Exercise tips for arthritis patients


People with arthritis experience joint pain. However, using that as an excuse to avoid exercising is a very common mistake.

The word ‘arthritis’ literally means joint inflammation.

This condition may cause pain, stiffness and swelling in joints and other supporting structures. Some types of arthritis are a result of connective tissue degeneration while others are described as autoimmune diseases. There are many types of arthritis – such as osteoarthritis, rheumatoid arthritis, fibromyalgia, systemic lupus erythematosus, scleroderma, juvenile rheumatoid arthritis, ankylosing, spondylitis, gout.

Should patients of arthritis exercise?

Yes. Exercise reduces joint pain, increases flexibility and bone strength and improves cardiovascular fitness. It also helps with weight reduction and contributes to an improved sense of well-being.

Don’t get into a vicious cycle of inactivity.

The most common mistake is avoidance of exercise. This, over time, leads to more stiffness, reduced strength and compromised cardiovascular fitness. Inactivity further weakens the body, leading to a vicious cycle that accelerates de-conditioning of the body.

How is it treated?

Treatment has to be tailored to individual needs, lifestyle and health.It has four main goals.

1.To control pain through prescribed medicines and other therapies.
2.To improve joint care through rest and gentle exercise.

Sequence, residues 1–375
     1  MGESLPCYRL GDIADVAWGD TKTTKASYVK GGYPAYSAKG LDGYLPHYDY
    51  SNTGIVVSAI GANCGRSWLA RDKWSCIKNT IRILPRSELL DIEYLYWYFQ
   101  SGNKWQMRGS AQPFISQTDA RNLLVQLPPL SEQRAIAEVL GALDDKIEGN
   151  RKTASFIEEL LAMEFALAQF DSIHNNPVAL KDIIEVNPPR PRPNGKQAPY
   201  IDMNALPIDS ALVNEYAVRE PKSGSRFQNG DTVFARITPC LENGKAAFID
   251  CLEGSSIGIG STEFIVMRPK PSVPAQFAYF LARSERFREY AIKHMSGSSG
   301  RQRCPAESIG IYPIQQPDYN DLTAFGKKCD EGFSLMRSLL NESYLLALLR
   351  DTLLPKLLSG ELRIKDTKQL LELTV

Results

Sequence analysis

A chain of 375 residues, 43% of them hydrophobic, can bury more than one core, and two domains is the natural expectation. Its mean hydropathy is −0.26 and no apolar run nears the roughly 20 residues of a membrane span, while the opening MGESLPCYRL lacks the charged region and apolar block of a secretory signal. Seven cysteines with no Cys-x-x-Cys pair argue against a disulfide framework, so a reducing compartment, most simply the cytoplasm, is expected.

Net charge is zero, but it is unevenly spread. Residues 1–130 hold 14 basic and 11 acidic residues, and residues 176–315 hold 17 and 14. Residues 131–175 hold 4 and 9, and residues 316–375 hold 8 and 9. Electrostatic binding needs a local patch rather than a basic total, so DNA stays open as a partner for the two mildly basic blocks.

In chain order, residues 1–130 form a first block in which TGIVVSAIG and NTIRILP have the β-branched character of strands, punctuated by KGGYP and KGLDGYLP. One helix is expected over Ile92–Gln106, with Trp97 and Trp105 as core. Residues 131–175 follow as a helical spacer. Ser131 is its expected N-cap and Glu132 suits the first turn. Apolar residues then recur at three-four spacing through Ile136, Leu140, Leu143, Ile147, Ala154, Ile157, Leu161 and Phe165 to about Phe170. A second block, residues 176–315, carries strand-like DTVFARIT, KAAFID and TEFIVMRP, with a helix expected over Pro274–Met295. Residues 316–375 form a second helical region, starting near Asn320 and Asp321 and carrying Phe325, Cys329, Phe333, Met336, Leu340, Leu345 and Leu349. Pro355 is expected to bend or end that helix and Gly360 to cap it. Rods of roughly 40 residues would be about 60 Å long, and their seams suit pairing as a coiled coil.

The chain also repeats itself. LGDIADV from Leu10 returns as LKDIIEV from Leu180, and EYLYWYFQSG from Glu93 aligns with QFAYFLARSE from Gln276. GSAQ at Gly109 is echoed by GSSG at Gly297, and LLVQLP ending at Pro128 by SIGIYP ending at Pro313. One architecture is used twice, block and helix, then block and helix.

3. To maintain an acceptable body weight.
4. To achieve a healthy lifestyle.

Exercise modifications

The American College of Sports Medicine has outlined several modifications for exercise for those with arthritis.

– Begin slowly and progress gradually.The hallmark of a safe exercise program is gradual progression in exercise intensity, complexity of movements and duration.

– Avoid rapid or repetitive movements of affected joints

– Special emphasis should be placed on joint protection strategies and avoidance of activities that require rapid repetitions. For example faster walking speeds increase joint stress.

– Adapt physical activity to the needs of the individual

Affected joints may be unstable and restricted in range of motion by pain, stiffness, swelling, bone changes or fibrosis. These joints are at higher risk for injury; care must be taken to ensure that appropriate joint protection measures are in place.

Simple self-help measures
– Carrying extra body weight puts added pressure on the joints. So get on a healthy diet to lose those extra pounds.
– Get the right kind of footwear.Well-fitting supportive shoes increases comfort and safety while walking.
– Learn to listen to the body’s signals. Know when to stop or slow down movement. Pain can increase by over-use or oversight.

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